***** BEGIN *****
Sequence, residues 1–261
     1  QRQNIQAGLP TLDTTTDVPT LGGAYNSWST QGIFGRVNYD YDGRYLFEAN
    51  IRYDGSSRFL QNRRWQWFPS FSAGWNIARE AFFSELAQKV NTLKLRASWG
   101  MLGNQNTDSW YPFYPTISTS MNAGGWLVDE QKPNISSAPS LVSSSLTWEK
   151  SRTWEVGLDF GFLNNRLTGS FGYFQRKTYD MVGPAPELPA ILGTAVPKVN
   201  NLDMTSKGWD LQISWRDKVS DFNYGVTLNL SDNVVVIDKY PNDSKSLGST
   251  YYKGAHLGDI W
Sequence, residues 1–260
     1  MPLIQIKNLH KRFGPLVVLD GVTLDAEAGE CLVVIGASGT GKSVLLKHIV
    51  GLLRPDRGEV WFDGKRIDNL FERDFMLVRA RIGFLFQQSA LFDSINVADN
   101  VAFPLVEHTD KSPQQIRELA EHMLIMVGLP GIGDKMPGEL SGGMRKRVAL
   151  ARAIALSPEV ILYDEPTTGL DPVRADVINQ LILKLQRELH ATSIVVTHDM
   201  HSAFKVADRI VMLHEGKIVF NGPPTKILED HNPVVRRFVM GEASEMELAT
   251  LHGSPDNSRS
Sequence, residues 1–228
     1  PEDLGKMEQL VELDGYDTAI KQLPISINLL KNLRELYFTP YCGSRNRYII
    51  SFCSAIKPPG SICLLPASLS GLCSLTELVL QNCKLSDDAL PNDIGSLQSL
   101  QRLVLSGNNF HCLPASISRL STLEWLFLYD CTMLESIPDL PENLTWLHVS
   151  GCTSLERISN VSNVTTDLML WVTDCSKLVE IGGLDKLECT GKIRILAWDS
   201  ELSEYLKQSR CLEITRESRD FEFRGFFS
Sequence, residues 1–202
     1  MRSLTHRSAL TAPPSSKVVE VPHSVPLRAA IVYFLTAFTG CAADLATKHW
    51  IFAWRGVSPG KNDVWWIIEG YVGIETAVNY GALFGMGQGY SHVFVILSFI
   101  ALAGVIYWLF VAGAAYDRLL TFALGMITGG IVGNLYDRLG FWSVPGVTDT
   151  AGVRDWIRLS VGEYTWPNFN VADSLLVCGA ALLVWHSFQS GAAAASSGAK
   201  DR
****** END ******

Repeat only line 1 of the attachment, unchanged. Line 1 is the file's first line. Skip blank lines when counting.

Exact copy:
Sequence, residues 1–261